Two centrists, Sens. Claire McCaskillClaire Conner McCaskillBiden, lawmakers mourn Harry Reid Harry Reid, political pugilist and longtime Senate majority leader, dies On The Trail: Trump-inspired challengers target GOP governors MORE (D-Mo.) and Joe ManchinJoe ManchinArizona Democratic Party executive board censures Sinema Biden seeks to save what he can from Build Back Better On The Money — Labor chief touts efforts to promote job growth MORE (D-W.Va.), voted against Senate Democratic Leader Harry ReidHarry Mason ReidThe Hill's 12:30 Report - Presented by Connected Commerce Council - Biden faces reporters as his agenda teeters Biden hits one-year mark in dire straits 'All or nothing' won't bolster American democracy: Reform the filibuster and Electoral Count Act MORE (Nev.) Thursday to protest his leadership style.
McCaskill said that, under Reid’s tenure as Senate majority leader, the chamber has become engulfed in partisan sniping and produced little in the way of legislative progress.
The Missouri Democrat said she’s focused on “making this place functional again and working with our Republican colleagues.”
She said the Democratic message has “been drowned out by a lot of the political backbiting, and there’s a lot of us who feel it’s time for us to not mimic what the Republicans did but rise above it and try to work together.”
She voted no on a yes-or-no secret ballot question on whether Reid should serve as minority leader in the 114th Congress. She did not have an opportunity to vote for another leader.
Sen. Joe Manchin (D-W.Va.) sounded exasperated after emerging from a four-hour meeting, during which Democrats voted to keep their leadership team largely in place.
“I voted for a change,” Manchin told reporters. “I didn’t get a change.”
McCaskill said Reid was unfazed when she told him of her opposition. She predicted he would not retaliate by denying her plum committee assignments.
“He understood,” she said, adding that the Democratic leader is “not unaccustomed to me coming in and telling him things he may not want to hear.”
One of the few changes made was the addition of liberal favorite Sen. Elizabeth WarrenElizabeth WarrenArizona Democratic Party executive board censures Sinema Democrats call on Biden administration to ease entry to US for at-risk Afghans Biden stiff arms progressives on the Postal Service MORE (D-Mass.) to the leadership ranks. Reid minted a new post for her, strategic policy adviser to the Democratic Policy and Communications Committee.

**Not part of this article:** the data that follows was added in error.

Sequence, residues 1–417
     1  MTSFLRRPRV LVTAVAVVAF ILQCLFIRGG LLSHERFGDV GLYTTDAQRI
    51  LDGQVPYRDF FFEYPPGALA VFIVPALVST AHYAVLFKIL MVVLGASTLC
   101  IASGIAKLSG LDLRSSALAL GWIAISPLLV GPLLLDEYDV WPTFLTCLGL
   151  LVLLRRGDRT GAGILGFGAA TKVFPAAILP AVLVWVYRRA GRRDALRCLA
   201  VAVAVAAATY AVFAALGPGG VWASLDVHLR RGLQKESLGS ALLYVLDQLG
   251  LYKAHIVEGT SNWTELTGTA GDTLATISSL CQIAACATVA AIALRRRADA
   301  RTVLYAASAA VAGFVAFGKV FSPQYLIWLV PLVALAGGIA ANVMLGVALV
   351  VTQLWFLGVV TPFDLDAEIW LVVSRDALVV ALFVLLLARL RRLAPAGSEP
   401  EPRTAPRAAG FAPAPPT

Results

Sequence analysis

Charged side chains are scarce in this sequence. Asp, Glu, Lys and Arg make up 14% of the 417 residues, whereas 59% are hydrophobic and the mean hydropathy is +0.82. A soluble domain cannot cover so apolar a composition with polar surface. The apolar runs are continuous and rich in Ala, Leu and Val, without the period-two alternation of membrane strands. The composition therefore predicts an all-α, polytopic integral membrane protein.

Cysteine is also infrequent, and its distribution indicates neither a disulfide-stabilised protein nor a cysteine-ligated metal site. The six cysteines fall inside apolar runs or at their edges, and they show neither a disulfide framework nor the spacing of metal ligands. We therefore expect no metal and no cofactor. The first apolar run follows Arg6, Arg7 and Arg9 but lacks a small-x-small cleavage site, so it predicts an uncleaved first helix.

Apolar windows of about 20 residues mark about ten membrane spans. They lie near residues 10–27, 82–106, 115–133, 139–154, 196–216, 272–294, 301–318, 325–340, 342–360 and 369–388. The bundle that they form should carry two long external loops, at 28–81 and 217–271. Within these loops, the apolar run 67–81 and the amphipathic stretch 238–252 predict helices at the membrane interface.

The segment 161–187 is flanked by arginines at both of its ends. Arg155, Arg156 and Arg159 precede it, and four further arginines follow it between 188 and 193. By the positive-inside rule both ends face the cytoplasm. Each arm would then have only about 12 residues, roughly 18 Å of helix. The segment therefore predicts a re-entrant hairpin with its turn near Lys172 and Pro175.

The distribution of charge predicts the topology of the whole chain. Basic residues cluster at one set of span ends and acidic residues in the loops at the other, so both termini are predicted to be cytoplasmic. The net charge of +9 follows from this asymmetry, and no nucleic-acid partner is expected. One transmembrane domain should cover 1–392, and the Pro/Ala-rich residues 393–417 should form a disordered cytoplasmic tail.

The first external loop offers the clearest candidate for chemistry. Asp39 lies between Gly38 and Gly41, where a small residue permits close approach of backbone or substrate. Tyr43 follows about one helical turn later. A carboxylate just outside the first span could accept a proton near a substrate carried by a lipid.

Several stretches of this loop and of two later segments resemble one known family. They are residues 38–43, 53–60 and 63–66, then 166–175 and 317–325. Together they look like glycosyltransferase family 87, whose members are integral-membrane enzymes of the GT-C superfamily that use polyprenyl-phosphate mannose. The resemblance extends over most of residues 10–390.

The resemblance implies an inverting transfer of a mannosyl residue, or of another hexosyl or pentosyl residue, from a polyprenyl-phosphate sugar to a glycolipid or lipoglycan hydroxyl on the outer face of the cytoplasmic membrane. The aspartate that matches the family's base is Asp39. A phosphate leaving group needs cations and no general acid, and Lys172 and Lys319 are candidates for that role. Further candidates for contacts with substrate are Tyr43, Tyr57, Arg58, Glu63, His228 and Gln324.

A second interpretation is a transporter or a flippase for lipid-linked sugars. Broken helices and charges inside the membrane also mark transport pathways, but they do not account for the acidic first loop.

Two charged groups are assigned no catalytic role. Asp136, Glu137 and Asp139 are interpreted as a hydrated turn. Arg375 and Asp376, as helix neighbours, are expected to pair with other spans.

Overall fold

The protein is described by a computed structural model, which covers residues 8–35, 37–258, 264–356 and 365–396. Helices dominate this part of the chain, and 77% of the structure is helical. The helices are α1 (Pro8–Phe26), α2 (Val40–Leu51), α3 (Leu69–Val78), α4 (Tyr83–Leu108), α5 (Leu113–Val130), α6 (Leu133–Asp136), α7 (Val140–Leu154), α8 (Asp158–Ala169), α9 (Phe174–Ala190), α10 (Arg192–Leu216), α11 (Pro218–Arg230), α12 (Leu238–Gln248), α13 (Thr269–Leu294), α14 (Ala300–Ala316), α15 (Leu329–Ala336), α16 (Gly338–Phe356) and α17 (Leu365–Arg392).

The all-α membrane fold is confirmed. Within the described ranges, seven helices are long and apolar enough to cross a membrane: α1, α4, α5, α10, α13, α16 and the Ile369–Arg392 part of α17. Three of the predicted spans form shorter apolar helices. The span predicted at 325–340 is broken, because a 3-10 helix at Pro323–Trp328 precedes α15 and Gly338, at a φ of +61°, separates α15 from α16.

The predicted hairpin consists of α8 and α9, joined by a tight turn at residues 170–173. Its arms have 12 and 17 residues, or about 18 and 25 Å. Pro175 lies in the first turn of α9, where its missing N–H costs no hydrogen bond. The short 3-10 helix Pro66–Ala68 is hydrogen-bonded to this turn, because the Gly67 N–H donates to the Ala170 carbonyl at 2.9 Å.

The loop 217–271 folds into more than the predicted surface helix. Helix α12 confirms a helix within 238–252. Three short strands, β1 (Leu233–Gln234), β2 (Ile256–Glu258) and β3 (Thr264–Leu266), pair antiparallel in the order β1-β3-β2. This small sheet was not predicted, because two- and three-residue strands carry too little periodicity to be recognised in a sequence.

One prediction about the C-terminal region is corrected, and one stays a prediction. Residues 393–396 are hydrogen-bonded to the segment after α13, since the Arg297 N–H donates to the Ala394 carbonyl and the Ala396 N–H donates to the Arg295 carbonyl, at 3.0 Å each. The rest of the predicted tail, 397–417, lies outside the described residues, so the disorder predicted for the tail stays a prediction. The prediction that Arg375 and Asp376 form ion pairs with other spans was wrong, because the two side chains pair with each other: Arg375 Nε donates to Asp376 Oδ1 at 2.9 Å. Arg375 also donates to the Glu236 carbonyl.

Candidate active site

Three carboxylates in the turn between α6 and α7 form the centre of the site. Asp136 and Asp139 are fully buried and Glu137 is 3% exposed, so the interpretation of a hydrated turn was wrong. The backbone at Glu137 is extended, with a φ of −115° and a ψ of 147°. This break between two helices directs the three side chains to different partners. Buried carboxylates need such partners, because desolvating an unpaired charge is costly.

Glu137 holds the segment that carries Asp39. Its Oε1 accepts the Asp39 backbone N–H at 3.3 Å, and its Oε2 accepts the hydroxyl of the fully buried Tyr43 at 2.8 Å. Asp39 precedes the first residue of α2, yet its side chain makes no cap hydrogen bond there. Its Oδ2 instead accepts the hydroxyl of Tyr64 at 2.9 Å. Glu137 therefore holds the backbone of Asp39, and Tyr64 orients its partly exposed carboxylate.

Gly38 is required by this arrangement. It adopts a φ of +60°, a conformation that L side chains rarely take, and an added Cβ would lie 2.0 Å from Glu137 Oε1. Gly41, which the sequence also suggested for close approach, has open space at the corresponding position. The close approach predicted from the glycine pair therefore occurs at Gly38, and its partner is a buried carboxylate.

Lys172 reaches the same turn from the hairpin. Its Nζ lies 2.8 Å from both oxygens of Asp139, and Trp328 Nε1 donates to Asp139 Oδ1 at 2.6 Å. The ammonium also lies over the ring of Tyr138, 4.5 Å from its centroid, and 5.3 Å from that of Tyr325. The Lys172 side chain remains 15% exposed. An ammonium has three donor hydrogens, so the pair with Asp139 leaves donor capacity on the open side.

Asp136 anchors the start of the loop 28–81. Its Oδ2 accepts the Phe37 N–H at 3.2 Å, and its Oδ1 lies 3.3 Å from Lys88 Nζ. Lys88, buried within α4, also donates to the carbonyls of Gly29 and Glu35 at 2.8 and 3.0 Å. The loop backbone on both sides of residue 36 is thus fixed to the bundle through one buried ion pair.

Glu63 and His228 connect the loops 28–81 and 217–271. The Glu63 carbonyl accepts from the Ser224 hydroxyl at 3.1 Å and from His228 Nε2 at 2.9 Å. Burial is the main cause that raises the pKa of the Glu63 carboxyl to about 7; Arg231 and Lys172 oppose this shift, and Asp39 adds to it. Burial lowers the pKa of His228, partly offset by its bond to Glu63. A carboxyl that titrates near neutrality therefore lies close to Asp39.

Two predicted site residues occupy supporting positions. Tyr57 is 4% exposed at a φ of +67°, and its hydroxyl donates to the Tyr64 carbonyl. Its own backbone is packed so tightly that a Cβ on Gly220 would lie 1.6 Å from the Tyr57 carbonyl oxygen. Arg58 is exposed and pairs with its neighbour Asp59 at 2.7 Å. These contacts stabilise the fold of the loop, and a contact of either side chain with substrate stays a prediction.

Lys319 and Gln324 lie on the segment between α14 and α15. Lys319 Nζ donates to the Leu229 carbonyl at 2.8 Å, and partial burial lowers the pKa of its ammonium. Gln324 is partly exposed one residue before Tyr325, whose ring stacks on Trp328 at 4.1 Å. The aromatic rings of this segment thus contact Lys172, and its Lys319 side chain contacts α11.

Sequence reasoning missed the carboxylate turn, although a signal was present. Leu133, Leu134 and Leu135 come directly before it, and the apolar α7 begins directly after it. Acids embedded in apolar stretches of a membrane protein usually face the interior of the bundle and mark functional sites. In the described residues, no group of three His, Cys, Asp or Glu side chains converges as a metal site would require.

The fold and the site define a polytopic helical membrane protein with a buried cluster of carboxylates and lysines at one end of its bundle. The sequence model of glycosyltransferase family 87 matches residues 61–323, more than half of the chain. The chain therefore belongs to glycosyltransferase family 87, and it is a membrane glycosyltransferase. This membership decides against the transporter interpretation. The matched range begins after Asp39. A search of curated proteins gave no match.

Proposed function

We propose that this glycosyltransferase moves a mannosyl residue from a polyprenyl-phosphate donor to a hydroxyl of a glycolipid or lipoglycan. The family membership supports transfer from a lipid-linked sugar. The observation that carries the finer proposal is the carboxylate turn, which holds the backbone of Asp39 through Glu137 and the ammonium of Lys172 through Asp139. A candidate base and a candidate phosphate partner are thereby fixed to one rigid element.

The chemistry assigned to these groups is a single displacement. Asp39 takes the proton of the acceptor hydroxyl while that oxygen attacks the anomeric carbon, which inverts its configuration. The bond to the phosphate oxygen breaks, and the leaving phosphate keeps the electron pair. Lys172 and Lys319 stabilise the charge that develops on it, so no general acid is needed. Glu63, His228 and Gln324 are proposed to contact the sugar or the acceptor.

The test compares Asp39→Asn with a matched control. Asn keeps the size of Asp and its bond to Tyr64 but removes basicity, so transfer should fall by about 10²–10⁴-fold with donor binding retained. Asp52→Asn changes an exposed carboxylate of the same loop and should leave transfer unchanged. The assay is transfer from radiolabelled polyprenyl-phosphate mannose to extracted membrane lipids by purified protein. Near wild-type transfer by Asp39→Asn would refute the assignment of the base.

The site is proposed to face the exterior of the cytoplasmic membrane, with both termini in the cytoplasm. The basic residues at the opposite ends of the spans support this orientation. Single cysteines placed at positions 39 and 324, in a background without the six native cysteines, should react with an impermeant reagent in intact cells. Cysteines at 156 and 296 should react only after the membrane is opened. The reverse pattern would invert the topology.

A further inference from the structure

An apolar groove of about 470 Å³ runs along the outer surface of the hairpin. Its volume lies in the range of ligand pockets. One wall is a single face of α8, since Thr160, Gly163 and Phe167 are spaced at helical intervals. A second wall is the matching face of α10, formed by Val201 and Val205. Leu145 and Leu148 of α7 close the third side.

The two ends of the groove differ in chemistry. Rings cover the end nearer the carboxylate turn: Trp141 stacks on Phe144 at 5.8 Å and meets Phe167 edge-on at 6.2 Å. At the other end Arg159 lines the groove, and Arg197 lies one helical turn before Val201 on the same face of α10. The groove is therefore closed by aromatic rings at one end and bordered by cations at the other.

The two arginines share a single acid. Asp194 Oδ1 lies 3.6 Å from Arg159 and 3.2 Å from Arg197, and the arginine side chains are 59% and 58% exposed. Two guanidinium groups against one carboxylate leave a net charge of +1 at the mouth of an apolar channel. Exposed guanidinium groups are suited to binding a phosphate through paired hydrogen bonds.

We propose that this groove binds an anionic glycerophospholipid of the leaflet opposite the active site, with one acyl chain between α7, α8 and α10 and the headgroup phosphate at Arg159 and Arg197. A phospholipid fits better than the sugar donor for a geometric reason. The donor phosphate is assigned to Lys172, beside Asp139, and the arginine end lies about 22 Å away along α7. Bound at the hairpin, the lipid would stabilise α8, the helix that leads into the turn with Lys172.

Asked if Warren was the sort of change he was interested in, Manchin shot back to a reporter: “Are you deaf?”
But Sen. Jon TesterJonathan (Jon) TesterSchumer opted for modest rules reform after pushback from moderates The Hill's 12:30 Report - Presented by Connected Commerce Council - Biden faces reporters as his agenda teeters Democrats' filibuster gambit unravels MORE (Mont.), the newly installed chairman of the Democratic Senatorial Campaign Committee, said the meeting was cathartic for the caucus, after an election where Democrats lost at least eight seats in the Senate.
“I think that people have had things that they wanted to talk about in relation to the election that just passed, and I think there was some really beneficial conversation that came up,” Tester told reporters. “I thought it was one of the best meetings I’ve been in, truthfully. People could speak as long as they wanted — and they did."
The Montana Democrat also said that his campaign experience, which includes winning two close Senate races in a red state, would be a boon to the DSCC in 2016, where the party gets a map full of pick-up opportunities.
“I think that I offer perspective that will allow us to be successful in ’16 if we’re able to recruit the right candidates, if we’re able to stand up and lead and fight for prosperity for the middle class,” Tester said.
Democrats will also have to do their part to show voters that the Senate can work again, Tester added.
The Montana Democrat said the caucus discussed “the frustration that the whole body was dysfunctional. We’ve got to figure out a way to make it functional again, to work for the American people.”
“We take as much blame as the Republicans,” Tester added about who was to blame for that dysfunction.